The aim Bruce Hood set himself is to demonstrate that the Self does not exist independently of the person having the experience, and it is certainly not what it seems. The emphasis on self-illusion found in Hood explains at the very least why it has been proved well impossible for autistic people to interact with others in the world. (I refer, of course, to people with classic autism. Not with a diagnosis of Asperger which I would not describe as autism.)
The self illusion, he asserts, is probably an inescapable experience we need for interacting with others and the world, and “indeed we cannot readily abandon or ignore its influence, but we should be skeptical that each of us is the coherent, integrated entity we assume we are.”
The great difficulty in my particular case is that if the self is more a form of hallucination than a reality, and autistic people think in pictures, with pictures, and through pictures, how then can I obtain a pictorial representation of the self-generated activity in somebody else’s brain? That is the question.
It is true that, when talking about the Self, I’ve never had an experience of a self as an autonomous individual with a coherent identity and sense of free will. We do not have conscious awareness of the present moment that neurotypical people call the “I” But in fact I’ve experienced a self of a different kind that reflects upon who I am in terms of history (both personal, in the memories of my grandma Irma and general in a cosmological context), my current activities and my future plans.
William James called this aspect of the self, “me” which most of us would recognize as our personal identity as part of the whole. In my case, this self has been defined entirely by the author whose book I’ve previously chosen to read. It is the only expression of “free-will” I’ve never known.
Claudia, do you remember when you learned to read?
I learned to read in Spanish at age 2 by repeating words like a parrot. Indeed, there was no difference between myself and a parrot. I also have Savant Talents (like Rain Man). For example I know all the winners of the Four Golf Major Championships since 1860: British and USA Opens, PGA and Masters. This was not ordinary gift. It put my brain together in a different way than other kids.
Having been able to memorize complete children’s books at age 3, I never learned the art of spelling. This is why today I find it almost impossible to spell my last name. I have difficulties pronouncing the Zee (Zeta) in English. Finally I gave up. When asked to spell my last name, I would say, “European children learn spelling differently.” That is true. Italian children don’t say: M-A-Z-Z-U-C-C-O. It is, instead, a syllabic spelling: MAZ-ZUC-CO.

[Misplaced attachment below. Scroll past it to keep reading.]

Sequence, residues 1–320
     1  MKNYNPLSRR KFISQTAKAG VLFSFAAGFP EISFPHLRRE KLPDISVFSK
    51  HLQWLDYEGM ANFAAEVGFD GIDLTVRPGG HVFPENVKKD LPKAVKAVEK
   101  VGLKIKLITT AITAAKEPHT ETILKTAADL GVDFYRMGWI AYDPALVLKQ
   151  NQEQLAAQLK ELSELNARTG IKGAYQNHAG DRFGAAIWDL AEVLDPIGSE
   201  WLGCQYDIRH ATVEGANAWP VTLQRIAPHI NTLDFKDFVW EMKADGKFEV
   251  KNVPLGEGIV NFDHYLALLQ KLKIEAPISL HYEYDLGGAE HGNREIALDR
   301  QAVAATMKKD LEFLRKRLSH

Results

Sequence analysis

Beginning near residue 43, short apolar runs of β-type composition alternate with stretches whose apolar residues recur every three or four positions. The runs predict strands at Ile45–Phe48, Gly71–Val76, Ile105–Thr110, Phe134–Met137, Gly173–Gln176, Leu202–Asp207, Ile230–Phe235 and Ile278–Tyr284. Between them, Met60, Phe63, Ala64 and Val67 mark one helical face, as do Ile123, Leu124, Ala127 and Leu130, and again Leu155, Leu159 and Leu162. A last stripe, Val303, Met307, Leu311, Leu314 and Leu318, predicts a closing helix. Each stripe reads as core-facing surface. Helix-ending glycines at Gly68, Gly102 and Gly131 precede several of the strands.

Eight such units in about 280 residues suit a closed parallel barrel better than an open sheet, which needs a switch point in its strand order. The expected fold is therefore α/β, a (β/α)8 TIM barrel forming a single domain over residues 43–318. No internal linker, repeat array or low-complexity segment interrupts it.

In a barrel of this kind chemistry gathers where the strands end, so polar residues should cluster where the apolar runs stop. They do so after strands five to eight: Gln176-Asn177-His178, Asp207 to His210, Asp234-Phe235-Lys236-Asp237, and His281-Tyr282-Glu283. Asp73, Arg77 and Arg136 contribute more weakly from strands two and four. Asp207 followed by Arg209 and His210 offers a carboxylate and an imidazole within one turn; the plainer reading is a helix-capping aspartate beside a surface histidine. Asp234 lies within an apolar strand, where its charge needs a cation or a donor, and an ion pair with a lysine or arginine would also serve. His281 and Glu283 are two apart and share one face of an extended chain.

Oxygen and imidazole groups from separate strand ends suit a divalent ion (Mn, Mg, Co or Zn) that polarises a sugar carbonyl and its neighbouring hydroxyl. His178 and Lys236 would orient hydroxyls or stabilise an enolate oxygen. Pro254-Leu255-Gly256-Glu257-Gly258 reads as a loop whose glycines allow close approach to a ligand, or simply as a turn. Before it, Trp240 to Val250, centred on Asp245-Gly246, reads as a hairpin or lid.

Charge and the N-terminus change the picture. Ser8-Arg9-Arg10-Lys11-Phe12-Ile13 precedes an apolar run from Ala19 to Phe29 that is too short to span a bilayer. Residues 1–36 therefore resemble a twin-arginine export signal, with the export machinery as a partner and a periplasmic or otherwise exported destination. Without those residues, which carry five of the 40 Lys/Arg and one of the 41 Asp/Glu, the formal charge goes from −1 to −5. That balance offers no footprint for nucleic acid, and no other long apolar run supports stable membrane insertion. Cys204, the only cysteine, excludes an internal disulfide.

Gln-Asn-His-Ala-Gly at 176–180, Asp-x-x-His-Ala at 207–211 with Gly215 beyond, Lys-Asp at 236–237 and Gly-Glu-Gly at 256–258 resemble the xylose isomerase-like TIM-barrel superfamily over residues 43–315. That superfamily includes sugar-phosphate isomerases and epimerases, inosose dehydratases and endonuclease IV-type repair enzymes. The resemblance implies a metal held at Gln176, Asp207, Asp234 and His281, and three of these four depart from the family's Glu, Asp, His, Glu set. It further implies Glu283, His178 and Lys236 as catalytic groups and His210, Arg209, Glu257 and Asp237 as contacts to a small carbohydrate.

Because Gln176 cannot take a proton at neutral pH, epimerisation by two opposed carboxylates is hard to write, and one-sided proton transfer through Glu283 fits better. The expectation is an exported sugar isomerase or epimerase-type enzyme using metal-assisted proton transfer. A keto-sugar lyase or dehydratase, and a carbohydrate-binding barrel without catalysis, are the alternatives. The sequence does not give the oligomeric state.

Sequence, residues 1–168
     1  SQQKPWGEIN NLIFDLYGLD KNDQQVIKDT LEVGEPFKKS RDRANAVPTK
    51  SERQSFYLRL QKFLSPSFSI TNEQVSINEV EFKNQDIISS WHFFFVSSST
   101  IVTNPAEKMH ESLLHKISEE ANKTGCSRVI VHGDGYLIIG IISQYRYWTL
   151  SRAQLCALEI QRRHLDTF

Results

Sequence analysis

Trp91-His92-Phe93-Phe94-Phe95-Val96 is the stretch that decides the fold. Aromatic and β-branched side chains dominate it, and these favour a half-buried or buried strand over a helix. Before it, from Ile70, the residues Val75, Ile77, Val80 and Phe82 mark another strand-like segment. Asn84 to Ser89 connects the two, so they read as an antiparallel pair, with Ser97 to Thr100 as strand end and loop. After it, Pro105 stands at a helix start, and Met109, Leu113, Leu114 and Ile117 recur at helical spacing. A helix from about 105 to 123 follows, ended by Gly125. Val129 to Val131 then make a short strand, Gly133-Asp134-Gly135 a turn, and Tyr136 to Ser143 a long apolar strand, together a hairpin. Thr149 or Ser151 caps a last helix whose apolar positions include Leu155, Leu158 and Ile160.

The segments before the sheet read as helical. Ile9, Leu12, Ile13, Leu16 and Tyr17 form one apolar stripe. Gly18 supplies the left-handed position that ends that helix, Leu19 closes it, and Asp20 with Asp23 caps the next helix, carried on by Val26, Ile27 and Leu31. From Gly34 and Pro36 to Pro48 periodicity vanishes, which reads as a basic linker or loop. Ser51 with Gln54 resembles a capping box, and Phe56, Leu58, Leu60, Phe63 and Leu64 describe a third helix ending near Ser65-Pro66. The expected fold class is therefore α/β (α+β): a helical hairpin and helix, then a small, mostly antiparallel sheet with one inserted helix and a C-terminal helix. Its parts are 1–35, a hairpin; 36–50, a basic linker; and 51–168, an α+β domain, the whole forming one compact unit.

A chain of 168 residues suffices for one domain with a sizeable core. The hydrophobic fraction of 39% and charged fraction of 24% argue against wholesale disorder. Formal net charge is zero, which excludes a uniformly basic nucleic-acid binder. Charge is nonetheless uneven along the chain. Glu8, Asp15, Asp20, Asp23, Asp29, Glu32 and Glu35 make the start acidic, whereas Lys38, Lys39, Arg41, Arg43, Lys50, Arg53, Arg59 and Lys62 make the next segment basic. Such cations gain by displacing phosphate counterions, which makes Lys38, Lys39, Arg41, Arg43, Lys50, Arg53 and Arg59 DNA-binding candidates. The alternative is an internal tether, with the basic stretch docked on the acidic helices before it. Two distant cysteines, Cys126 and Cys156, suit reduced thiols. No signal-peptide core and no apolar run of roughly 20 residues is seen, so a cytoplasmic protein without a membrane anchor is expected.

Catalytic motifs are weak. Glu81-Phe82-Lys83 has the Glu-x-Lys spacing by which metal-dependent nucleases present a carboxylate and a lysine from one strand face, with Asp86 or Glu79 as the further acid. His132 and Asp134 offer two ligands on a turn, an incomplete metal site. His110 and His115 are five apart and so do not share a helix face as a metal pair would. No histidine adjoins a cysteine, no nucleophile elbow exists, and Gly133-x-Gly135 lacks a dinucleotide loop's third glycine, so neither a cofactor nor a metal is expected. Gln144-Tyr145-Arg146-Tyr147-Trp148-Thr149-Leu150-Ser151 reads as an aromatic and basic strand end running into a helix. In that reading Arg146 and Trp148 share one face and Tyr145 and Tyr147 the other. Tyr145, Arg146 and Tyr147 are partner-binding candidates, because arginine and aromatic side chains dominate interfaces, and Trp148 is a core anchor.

Then, at age 25, I learned English by reading Golf Digest.
When I was eight months old I was poisoned by a bacteria and, it does not matter what, I almost died. Apparently I developed autism right after that. The doctors didn’t know whether or not my brain was damaged, so my mom started by reading stories to be sure I was listening.
Modern psychologists are unanimous in emphasizing the fundamental importance of the initial bond between mother and daughter/son for the child’s mental development and emotional well-being. It takes many forms, but it could not be without the mother: my mom Elena was obsessed with the idea that I may be retarded. Capable mothers are able to channel the neurochemical system of their children.
Excessive contact with illiteracy in her daily job had, as she has always remarked, made her a great educator. She continued reading to me with increased speed and determination. And, in the end, I easily learned savant skills: memorization, intense visualization, concentration, repetition and, eventually, math.
But my parents got a nasty divorce when I was three and my mother left us – my sister Mariela and I – with my grandmother Irma (her mother-in-law) from Monday to Friday and went to be a teacher in the poorest and most isolated towns of Santiago del Estero. She came for us every Friday afternoon and we spent weekends and summer vacations with her.
Your mother was very obviously right in her determination and this was probably not achieved without a lot of love.
I can see how reading might be fundamental to the way your "self" is rigged. I learned to read at five, my own "self" was already pretty much wired (neurotypically :-) by then.
I found a description of an article in which very young children where tested in the mirror self-recognition test (link). There was no difference between neurotypical and autistic kids. Some passed the self-recognition tests, others didn't (remember, we are talking about very young kids, toddlers). The self-recognition test is putting a red mark on the kid's face without them noticing it, and seeing if when they look at themselves in the mirror, they wipe it off. The article also stated autistic children spent more time looking at objects than at people or their own faces, in the mirror.
This is the abstract of the original publication:
Children with autism achieve mirror self-recognition appropriate to developmental age, but are nonetheless reported to have problems in other aspects of a sense of self. We observed behaviour in the mirror in 12 pre-school children with autism, 13 pre-school children with Down syndrome (DS) and 13 typically developing (TD) toddlers. Reliable differences in reflecting actions, social relatedness and positive affect towards themselves, and an absence of coy smiles differentiated the children with autism from the others. The children with DS showed the highest interest in their own faces. These differences were largely independent of mirror self-recognition (MSR), broadly supporting arguments for dissociation between interpersonal and conceptual aspects of self. Mirror behaviour may be a subtle but easily elicited measure of the social quality of a sense of self.